The surveillance saga over expiring Patriot Act provisions continues to percolate in Washington even as the eleventh hour approaches. As I write, Mitch McConnell has convened a special Sunday session of the Senate to hammer out an outcome acceptable to all factions. Amid the debate, accusations swirl from all quarters about the pros and cons of extending surveillance powers to government agencies and proponents of strong surveillance have whipped out the national-security-card in an attempt to rally support for extending the surveillance status quo. Even the Obama administration has joined the chorus calling it critical to the nation’s security.
From another corner of the world, Edward Snowden, in an hour-long interview with the Guardian newspaper, reflects from his exile in Russia that while the debate would not have been contemplated two years ago, there are far more intrusive NSA bulk collection programs which also need looking at. But the fact that there is even the hint that a surveillance policy may be reined-in rather than ratcheted-up is laudable,
“In our modern era, that is without precedent. The idea that they can lock us out and there will be no change is no longer tenable. Everyone accepts these programmes were not effective, did not keep us safe and, even if they did, represent an unacceptable degradation of our rights.”
But Snowden seems baffled by the position of the bulk of the electorate, who appear content to sit on the sidelines while the titans of politics conduct their massive tug-of-war. He thinks that the argument of supporters of surveillance, or at least those who are neutral, does not hold water,
“People who say they don’t care about privacy because they have got nothing to hide have not thought too deeply about these issues. What they are really saying is I do not care about this right. When you say I don’t care about the right to privacy because I have nothing to hide, that is no different than saying I don’t care about freedom of speech because I have nothing to say or freedom of the press because I have nothing to write.”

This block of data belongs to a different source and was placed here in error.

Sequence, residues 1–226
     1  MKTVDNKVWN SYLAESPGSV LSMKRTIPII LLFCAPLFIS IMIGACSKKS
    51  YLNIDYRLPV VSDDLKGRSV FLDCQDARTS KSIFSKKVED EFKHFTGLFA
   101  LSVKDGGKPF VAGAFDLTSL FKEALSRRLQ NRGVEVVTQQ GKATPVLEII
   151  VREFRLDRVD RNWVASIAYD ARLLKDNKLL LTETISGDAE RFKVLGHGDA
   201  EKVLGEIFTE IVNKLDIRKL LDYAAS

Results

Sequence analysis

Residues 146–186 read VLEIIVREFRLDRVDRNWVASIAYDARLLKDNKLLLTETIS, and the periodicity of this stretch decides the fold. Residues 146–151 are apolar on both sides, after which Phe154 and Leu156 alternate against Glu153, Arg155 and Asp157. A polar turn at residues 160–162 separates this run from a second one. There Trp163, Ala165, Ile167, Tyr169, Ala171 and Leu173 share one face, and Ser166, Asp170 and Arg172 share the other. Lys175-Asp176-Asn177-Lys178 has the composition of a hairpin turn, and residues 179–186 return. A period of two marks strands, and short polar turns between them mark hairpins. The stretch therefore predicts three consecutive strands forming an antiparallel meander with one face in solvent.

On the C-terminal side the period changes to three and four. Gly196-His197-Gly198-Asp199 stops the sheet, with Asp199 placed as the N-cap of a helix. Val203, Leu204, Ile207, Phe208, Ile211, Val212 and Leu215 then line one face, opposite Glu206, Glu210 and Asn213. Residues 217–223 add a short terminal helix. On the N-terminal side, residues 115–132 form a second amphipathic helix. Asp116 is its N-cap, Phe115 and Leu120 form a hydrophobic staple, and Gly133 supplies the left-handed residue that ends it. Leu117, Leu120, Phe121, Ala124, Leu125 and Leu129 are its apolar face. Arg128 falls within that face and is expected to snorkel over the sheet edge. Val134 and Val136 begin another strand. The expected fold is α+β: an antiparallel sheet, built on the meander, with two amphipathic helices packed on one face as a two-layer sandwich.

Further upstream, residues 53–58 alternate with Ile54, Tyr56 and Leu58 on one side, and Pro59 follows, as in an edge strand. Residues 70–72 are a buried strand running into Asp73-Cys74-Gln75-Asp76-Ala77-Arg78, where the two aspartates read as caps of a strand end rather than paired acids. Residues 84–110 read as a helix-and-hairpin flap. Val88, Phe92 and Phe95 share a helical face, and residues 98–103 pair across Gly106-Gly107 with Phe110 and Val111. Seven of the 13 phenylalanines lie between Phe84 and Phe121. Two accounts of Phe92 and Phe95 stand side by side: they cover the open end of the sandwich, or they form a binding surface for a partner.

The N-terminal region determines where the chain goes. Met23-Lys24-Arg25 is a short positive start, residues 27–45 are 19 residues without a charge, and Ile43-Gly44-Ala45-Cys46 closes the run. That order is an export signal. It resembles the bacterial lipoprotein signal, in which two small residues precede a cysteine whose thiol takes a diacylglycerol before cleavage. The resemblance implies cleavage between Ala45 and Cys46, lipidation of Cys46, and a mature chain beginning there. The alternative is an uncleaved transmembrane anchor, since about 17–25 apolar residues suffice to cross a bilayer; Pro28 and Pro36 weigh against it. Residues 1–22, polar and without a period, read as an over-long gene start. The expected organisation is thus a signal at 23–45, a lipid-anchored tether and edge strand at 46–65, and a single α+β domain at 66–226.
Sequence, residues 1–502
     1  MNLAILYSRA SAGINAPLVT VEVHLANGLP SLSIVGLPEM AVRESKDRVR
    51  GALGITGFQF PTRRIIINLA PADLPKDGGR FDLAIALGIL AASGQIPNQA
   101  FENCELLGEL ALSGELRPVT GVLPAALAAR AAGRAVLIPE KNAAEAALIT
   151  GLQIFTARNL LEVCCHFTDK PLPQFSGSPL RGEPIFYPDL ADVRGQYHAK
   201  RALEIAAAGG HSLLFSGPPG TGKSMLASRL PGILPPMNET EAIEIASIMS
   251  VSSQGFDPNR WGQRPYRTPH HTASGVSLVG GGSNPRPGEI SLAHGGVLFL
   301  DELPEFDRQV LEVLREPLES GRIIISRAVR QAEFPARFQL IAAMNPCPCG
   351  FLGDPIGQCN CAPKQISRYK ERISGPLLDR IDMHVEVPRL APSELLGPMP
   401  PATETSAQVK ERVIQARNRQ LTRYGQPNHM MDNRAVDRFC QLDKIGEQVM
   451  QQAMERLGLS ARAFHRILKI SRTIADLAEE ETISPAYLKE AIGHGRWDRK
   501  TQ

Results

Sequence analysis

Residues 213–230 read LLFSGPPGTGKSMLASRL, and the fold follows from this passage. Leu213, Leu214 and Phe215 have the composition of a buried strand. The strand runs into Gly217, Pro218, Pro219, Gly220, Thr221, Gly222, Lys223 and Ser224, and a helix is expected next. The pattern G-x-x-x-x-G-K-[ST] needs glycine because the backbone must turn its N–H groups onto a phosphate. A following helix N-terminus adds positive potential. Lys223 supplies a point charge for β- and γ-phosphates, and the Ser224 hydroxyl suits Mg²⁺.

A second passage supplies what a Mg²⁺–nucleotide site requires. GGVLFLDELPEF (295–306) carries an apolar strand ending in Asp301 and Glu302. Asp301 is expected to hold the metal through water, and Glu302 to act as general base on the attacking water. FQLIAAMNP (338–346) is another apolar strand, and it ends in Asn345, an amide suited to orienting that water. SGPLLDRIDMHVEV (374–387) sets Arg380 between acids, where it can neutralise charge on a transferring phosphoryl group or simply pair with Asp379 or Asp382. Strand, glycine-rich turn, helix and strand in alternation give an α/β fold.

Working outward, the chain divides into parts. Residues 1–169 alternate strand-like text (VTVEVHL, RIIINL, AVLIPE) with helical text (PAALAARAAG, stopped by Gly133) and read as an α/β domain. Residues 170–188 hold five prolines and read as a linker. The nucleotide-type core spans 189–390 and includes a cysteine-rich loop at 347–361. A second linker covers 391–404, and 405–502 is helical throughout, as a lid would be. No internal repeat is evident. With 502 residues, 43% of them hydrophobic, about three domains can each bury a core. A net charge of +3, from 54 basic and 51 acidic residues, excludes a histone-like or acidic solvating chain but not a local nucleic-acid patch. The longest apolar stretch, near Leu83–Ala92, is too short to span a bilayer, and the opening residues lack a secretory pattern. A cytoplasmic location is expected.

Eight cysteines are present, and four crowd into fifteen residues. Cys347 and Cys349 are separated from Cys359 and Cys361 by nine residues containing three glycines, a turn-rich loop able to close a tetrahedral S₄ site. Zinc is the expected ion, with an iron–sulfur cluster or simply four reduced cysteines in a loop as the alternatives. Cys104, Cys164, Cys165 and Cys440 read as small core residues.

He dismisses attacks against his disclosures which contend that he aided and abetted terrorist acts, so pointing out that tremendous good was achieved by bringing the facts to light. Furthermore, he observes that by their own admission, agencies cannot specify even one instance where the massive amounts of collected data have thwarted an attack. On the contrary, he points out that,
“We know in the Charlie Hebdo attack, in the attack in Canada, in the attack in Australia, all these individuals were known to government in advance of the attacks. It was not the fact that we were not watching people enough but the fact we were watching people so much we did not understand what we had.”
Government authorities’ assertions that his information was critical for terrorist ignores the fact that terrorists are not stupid, were aware beforehand of surveillance techniques, and are nimble enough to adapt and adjust to them.
On the particulars of the current debate over the Patriot Act, Snowden thinks that Senators are in a bind, given the mood there and in the nation,
“They can either lose their authority entirely or they can accept at least some reforms.”
Almost two years on from the first of his disclosures about surveillance, Snowden has defied critics in the intelligence agencies who predicted he would end up largely forgotten and miserable in exile in Russia. Instead, he has emerged as an icon for the privacy movement, able to communicate through the internet with campaigners in the US and elsewhere round the world.
Perhaps, in hindsight, President Obama wishes he had “scrambled jets” and thereby avoided the damage caused by Snowden’s disclosures and the drama unfolding on his watch nearly two years on.